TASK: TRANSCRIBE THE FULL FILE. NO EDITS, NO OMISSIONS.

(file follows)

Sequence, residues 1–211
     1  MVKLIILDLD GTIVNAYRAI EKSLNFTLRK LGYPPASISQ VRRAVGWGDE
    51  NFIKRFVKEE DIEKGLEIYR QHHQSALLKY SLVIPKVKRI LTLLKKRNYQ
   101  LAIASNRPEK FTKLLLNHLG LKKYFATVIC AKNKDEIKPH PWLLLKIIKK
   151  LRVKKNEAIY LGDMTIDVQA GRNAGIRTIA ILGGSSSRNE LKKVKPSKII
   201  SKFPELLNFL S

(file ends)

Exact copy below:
Sequence, residues 1–211
     1  MVKLIILDLD GTIVNAYRAI EKSLNFTLRK LGYPPASISQ VRRAVGWGDE
    51  NFIKRFVKEE DIEKGLEIYR QHHQSALLKY SLVIPKVKRI LTLLKKRNYQ
   101  LAIASNRPEK FTKLLLNHLG LKKYFATVIC AKNKDEIKPH PWLLLKIIKK
   151  LRVKKNEAIY LGDMTIDVQA GRNAGIRTIA ILGGSSSRNE LKKVKPSKII
   201  SKFPELLNFL S